STURGEON BAY, Wis. An extremely close city council race in Sturgeon Bay is going to be recounted after one voter found a problem.
"Such an unfortunate situation, and I totally agree that there was a mistake made,” said Sturgeon Bay City Clerk Stephanie Reinhardt.
After casting a vote on Tuesday, one Sturgeon Bay voter came back and told Reinhardt he may have voted in the wrong district. After looking into the problem, the city clerk found the man was handed the ballot for the wrong district.
On Tuesday, Sturgeon Bay District 7 Alderwoman Laurel Hauser ran for re-election but was defeated by opponent Kirsten McFarlin-Reeths by a mere three votes. Hauser received 245 votes to McFarlin-Reeths' 248.
Reinhardt says the concerned voter who approached her did end up voting in the District 7 city council race. After examining a map, it was clear the voter actually lived in district 6, a district with no aldermanic race on the ballot. Still, his vote was counted.
"Voting rights were not taken away by any means. He was able to vote for every office he should have. Unfortunately, in this case there was that other race on the ballot for the contested aldermanic race," Reinhardt explained.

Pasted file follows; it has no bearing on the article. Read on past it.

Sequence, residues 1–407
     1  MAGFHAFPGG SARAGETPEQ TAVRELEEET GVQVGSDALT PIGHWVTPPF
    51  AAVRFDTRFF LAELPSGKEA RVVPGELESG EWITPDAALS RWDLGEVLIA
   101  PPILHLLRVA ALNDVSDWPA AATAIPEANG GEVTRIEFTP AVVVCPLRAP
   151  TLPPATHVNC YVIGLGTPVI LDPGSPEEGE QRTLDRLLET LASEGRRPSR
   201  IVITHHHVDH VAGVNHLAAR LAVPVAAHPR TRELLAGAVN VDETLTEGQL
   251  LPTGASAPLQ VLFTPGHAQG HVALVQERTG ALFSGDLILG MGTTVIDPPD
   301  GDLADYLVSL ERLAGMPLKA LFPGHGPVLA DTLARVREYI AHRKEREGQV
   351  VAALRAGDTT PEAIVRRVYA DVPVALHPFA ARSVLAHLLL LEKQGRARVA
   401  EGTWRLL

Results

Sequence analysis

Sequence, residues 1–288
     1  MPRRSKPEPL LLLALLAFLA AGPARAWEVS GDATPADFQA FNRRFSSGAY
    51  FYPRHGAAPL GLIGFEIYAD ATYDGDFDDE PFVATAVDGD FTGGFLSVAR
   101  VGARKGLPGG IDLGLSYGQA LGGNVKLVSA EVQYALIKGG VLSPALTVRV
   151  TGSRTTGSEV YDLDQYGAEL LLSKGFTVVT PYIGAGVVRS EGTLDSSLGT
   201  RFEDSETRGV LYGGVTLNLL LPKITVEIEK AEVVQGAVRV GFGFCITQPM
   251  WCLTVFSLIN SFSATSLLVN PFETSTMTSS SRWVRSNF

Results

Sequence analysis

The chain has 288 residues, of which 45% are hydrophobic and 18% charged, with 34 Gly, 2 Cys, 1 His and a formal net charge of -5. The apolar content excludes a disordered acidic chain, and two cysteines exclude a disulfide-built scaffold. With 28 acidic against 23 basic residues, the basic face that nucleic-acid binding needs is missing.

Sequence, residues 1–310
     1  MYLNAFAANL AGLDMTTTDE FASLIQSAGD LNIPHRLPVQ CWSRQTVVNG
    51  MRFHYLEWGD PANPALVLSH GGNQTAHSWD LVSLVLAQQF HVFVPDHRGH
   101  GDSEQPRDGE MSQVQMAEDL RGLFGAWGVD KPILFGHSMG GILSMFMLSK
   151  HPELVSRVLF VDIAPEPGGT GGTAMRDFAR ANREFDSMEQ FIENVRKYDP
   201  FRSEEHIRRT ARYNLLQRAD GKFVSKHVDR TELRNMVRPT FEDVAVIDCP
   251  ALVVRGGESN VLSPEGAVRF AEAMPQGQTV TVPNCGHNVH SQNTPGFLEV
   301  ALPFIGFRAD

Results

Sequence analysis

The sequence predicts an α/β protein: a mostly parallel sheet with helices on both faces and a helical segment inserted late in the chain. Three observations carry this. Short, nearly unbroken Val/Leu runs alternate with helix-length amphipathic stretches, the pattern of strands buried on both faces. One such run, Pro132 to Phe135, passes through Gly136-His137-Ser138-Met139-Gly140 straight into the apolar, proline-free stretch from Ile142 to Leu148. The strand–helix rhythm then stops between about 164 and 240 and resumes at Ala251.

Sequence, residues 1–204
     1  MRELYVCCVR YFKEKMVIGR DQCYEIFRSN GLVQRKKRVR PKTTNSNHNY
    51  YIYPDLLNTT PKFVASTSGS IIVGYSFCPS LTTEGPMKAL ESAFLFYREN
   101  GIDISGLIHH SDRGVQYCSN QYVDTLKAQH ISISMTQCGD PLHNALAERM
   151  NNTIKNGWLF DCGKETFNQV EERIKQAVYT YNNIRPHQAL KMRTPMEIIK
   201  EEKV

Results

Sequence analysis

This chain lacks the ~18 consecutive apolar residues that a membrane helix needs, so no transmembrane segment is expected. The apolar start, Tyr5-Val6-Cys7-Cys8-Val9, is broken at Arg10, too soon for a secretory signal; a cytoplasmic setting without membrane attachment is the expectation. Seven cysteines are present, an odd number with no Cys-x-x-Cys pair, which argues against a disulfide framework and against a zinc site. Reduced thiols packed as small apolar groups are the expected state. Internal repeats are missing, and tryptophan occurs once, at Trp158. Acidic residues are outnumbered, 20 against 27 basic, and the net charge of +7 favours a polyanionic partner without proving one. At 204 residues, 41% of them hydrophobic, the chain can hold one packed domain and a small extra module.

Reinhardt brought the issue to the Wisconsin Elections Commission to find out why that voter's name was in the wrong poll book.
"With WisVote there is a pin that depicts where a voter lives and which district they're in, and that pin was right on the border, it was in the wrong place," said Reinhardt.
Reinhardt says no other voters were affected and the issue has been fixed. Still, she's shocked to see such an odd discrepancy.
"In all honesty, it’s probably pretty rare that it happens on a boundary, in a hotly contested race, and the voter looked into it,” she adds.
Due to the close race, and the issue of the wrong ballot, both District 7 candidates decided it's best to do a recount.
"I owe it to the people who supported me -- people who supported me financially and who worked on my campaign -- and so I decided that it was part of the democratic process to have a recount done," said Alderwoman Hauser.
“To ease the minds in both districts and not have this ever be an issue moving forward, I feel this recount is needed, and it's also called 'civility,’” McFarlin-Reeths said.
Reinhardt says to try and even the votes from the one wrong ballot, the canvassing board will randomly pull out one ballot during the recount.